The untimely passing of Art Bergeron marks a truly sad time for Civil War historians, particularly those with an interest in the Trans-Mississippi theater and in Louisiana. I met Art in 1994 during one of the late Jerry Russell’s legendary battlefield preservation programs—this one covering the Red River campaign. I was a grad student and I remember approaching Art and asking him to sign my copy of Guide to Louisiana Confederate Military Units. He did more than simply oblige the request. Art opened a conversation about my interest in the Civil War, Louisiana, and the Confederacy. He listened to my story about my ancestors serving in Gray’s 28th Louisiana Infantry and my work on Dick Taylor & Kirby Smith, and in a warm and conversational tone, he suggested avenues to explore and made me feel like a peer. Then, he told me to call him at any time if I had any questions about Smith or Taylor or Louisiana or the Civil War. I was stunned. Here was this big-time Civil War historian—an expert in my area of interest, no less—and he invited me to contact him.
It did not take long for me to take Art up on the offer. That summer, while conducting research at LSU, I asked one of the librarians if I could see a copy of Art Bergeron’s M.A. Thesis, General Richard Taylor: A Study in Command. I was shocked when the librarian refused my request and don’t remember the reasons she gave but I stammered out something about how I knew Dr. Bergeron and he’d want me to see it. She remained resolute and I retreated to a secure location where I proceeded to call Art. Fortunately, he was in his office at State Parks and took the call. I explained my situation and Art told me not to worry. He suggested a place on campus where I could grab lunch and return to the library in the afternoon. I did what he said, and when I got back to the library, the woman behind the reference desk smiled and handed me a copy of Art’s thesis and said, “Dr. Bergeron wants you to keep this for your files.” For me, a lowly grad student, there was nothing like calling in the cavalry and having them ride to the rescue to turn the tide of battle.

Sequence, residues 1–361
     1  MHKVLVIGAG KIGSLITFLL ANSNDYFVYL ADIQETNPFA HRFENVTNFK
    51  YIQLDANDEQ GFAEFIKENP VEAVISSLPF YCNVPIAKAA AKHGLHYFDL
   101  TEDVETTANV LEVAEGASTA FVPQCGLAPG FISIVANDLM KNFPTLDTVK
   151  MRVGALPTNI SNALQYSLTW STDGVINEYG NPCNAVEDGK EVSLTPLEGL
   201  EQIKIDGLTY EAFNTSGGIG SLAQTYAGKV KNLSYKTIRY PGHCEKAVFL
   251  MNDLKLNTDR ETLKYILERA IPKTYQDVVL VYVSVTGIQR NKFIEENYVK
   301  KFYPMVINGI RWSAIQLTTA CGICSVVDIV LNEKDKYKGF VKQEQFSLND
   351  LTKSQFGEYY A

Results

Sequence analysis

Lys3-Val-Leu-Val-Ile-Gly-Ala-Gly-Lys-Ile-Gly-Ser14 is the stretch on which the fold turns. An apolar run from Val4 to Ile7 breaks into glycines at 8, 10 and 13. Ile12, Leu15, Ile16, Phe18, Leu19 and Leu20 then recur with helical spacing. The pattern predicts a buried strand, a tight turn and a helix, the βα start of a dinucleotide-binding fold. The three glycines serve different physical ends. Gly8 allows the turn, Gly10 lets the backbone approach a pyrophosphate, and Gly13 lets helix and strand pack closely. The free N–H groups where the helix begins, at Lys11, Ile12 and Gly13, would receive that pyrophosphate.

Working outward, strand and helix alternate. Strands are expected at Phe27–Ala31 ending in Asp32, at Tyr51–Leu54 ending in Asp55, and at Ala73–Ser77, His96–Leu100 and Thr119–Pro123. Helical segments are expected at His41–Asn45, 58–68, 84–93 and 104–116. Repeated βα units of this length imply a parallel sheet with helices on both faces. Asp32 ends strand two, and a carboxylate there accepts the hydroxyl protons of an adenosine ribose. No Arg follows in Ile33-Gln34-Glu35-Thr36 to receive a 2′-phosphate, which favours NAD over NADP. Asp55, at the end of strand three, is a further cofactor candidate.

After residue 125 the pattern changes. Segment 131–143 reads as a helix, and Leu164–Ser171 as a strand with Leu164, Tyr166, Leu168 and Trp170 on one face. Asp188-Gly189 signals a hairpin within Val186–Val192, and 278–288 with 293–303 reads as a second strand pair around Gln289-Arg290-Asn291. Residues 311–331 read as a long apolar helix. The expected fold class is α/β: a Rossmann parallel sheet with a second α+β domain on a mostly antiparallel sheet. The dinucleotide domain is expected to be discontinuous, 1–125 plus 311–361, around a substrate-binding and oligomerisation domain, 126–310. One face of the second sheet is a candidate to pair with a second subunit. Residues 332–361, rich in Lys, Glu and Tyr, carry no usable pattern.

Art was always willing to talk with me about Smith & Taylor and answer any question on Louisiana troops—no matter how trivial the issue. He knew how a certain battery was positioned along a certain backcountry bayou and which men from which parish manned which guns and what kind of ordnance they fired and how many rounds they expended and what they had for lunch after the battle. He knew the location of some remote plantation where a colonel made his headquarters and he knew everything about the colonel and his command and his family including the shade of butternut the colonel wore. He knew Civil War, he knew Trans-Mississippi, he knew Louisiana, and he loved to share it all with anyone who had a passion for history.
Last time I saw Art was at a Harrisburg CWRT meeting in the fall of 2008. We sat together during dinner and over the course of the evening, we talked about Henry Gray and an article I was writing and how he had just heard about some letters in someone’s attic somewhere in Louisiana. We promised to get together and talk further. Maybe we would meet up at Gettysburg in the summer and walk Hays’s attack on Cemetery Hill. He joked about how to interpret the 9th Louisiana attacking around the water tower and I reminded him that a mobile home stood where Gray’s 28th advanced at Mansfield.
It always came back to Louisiana—it always came back to the experience of the officer, the foot soldier, the gentleman, the common man. Art was all of those. When we lose someone like that from our ranks, we are all diminished. We lose a chance to share his knowledge, we lose an ambassador for our discipline, and we lose a friend.